Mon 18 October 2021

As one minister resigns, David Hencke reports on a rare dual rebuke to two members of Boris Johnson’s Government.

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The Government minister in charge of detailed trade negotiations post Brexit has resigned after a damning report from MPs accused him of abusing Parliamentary privilege “in an attempt to intimidate a member of the public” over a private family dispute.

Conor Burns, the trade policy minister, is also facing  suspension from Parliament as an MP  for seven days after the Commons Standards Committee said an apology was not enough because he “persisted in making veiled threats to use parliamentary privilege to further his family’s interests even during the course of the [ Parliamentary] Commissioner’s investigation, and that he misleadingly implied that his conduct had the support of the House authorities.”

The committee wants him to apologise to Parliament and to the member of the public he threatened and intend to publish his letters.

Kathryn Stone, the Parliamentary Commissioner on Standards concluded: “Mr Burns’ actions damage the reputation and integrity of the House of Commons as a whole and of its Members generally”.

 Mr Burns’ elderly father was involved in a long-running dispute with a company over money and his son intervened by writing on Parliamentary headed notepaper warning that the company had not replied to him and  failure to do so would “ensure [Mr Burns’] involvement to secure the return of money owed to [his] father.” Mr Burns said he had taken advice about “using parliamentary privilege to raise the case”.

A second trade policy minister, Greg Hands, who is deputy to Liz Truss, the international trade secretary, has also been ordered to apologise to Parliament, after breaching Parliamentary rules by using stationary and stamps worth over £4,865 to send a political newsletter to constituents who had petitioned him over local issues.

Mr Hands was involved in a dispute over the use of the stationary and at first claimed the rules on this were flawed, later decided to offer to return the money and apologise, and then retracted this just before the December general election.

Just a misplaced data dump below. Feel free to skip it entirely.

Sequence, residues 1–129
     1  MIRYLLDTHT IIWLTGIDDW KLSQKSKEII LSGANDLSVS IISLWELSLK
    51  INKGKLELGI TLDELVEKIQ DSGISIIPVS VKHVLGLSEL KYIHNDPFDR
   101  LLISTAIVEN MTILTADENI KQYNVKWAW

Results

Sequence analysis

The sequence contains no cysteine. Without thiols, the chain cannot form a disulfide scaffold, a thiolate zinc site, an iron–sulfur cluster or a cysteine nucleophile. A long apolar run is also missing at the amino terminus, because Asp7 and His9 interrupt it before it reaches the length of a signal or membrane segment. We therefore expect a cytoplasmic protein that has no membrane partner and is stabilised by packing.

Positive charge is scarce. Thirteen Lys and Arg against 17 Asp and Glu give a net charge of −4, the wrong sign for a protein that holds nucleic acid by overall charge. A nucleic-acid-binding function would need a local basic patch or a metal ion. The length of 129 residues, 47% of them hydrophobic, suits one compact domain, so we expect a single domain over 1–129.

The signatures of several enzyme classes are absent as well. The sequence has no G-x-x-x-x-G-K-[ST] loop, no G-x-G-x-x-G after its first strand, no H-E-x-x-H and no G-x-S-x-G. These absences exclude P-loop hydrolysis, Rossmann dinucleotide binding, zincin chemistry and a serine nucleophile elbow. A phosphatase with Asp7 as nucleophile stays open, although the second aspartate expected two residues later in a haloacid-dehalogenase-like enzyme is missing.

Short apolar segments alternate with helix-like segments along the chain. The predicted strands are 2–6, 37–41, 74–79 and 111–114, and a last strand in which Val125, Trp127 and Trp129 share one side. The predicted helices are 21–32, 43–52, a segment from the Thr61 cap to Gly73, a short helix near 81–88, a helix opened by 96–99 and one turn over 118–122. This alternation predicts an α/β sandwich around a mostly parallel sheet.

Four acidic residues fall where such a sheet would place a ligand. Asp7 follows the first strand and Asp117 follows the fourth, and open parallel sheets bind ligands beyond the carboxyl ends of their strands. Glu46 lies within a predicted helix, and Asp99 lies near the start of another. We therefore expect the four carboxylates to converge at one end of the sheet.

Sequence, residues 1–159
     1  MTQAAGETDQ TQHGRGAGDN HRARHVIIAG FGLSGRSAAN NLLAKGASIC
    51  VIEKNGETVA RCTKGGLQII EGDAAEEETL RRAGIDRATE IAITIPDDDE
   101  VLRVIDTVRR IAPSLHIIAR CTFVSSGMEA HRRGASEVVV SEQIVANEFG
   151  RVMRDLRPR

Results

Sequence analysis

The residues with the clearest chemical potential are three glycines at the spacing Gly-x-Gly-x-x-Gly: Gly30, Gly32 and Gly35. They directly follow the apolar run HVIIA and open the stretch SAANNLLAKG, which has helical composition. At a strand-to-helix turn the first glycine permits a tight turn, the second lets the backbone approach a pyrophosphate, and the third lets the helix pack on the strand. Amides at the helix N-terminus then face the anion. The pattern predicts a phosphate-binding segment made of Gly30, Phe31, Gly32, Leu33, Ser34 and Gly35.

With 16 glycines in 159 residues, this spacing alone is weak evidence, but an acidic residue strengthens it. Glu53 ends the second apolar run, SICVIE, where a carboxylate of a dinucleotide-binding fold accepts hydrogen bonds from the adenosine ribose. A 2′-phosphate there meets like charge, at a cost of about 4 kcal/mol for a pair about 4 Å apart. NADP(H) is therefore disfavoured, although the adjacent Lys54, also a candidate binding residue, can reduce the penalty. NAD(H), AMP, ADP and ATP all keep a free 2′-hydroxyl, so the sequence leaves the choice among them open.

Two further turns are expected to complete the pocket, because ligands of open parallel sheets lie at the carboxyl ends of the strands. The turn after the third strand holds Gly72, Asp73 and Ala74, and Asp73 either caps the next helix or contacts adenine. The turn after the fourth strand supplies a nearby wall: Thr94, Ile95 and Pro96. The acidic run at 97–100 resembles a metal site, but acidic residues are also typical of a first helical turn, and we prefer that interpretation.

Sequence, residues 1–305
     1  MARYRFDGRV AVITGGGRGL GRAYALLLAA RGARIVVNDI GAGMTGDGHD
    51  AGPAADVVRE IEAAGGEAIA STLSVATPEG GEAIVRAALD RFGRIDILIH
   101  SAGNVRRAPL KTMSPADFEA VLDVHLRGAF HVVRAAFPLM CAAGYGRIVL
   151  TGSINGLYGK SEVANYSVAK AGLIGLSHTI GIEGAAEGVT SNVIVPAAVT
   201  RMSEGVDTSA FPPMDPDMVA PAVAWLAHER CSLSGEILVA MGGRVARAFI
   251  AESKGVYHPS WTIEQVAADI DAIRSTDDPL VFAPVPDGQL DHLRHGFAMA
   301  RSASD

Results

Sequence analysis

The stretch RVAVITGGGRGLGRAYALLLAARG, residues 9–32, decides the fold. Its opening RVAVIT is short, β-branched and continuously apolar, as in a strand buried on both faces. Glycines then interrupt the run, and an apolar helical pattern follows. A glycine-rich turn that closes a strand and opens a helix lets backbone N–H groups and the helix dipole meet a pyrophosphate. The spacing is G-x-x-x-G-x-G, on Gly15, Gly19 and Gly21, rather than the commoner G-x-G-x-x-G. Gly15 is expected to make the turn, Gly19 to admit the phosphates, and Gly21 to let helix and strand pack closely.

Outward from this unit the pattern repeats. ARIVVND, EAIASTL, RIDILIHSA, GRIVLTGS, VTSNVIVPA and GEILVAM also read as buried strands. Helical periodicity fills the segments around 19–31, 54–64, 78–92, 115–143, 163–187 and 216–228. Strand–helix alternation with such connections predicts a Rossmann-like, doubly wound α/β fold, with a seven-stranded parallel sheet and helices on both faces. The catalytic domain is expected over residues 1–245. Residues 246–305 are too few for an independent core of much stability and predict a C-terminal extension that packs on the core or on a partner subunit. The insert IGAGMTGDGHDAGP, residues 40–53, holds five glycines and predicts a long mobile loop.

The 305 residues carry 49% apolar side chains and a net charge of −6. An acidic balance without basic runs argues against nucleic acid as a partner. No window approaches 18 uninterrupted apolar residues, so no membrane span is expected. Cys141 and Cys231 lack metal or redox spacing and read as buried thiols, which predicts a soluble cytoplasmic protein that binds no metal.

The committee observed:

“On 4 November Mr Hands informed the Commissioner that he had reconsidered and was no longer willing to use the rectification procedure.

“It is hard to avoid the conclusion that Mr Hands may well have been motivated by a desire to avoid the embarrassment of having to make a public apology for breaking parliamentary rules during a general election campaign.”

Both ministers have been active in supporting the right-wing libertarian side of the Conservative Party. Conor Burns is a former vice president of the Young Britons Foundation which is modelled on the Young America’s Foundation, a group espousing radical right-wing views.

The YBF chief executive, Donal Blaney, who ran courses on media training and policy, has described the YBF as “a Conservative madrasa” that radicalises young Tories. Programmes have included trips to meet neo-conservative groups in the US and to a shooting range in Virginia to fire submachine guns and assault rifle.

Greg Hands was on a Parliamentary committee supporting the group and his election campaign in 2005 was run by Greg Smith, then a Hammersmith Tory councillor and co-founder of Young Britons Foundation. He is now Tory MP for Buckingham, Speaker John Bercow’s old seat.

Greg Hands was also on the executive of Conservative Way Forward and is now an honorary vice president.

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